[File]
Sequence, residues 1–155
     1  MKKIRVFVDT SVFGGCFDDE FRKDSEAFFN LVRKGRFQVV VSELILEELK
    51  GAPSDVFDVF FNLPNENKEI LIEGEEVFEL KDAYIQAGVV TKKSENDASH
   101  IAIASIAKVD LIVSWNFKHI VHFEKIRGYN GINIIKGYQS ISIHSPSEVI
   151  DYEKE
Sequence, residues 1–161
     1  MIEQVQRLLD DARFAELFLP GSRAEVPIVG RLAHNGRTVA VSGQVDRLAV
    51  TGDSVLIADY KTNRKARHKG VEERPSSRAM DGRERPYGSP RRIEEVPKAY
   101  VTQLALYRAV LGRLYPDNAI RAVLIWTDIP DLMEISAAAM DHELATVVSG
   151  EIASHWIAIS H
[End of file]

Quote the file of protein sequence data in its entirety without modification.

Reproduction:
Sequence, residues 1–155
     1  MKKIRVFVDT SVFGGCFDDE FRKDSEAFFN LVRKGRFQVV VSELILEELK
    51  GAPSDVFDVF FNLPNENKEI LIEGEEVFEL KDAYIQAGVV TKKSENDASH
   101  IAIASIAKVD LIVSWNFKHI VHFEKIRGYN GINIIKGYQS ISIHSPSEVI
   151  DYEKE
Sequence, residues 1–161
     1  MIEQVQRLLD DARFAELFLP GSRAEVPIVG RLAHNGRTVA VSGQVDRLAV
    51  TGDSVLIADY KTNRKARHKG VEERPSSRAM DGRERPYGSP RRIEEVPKAY
   101  VTQLALYRAV LGRLYPDNAI RAVLIWTDIP DLMEISAAAM DHELATVVSG
   151  EIASHWIAIS H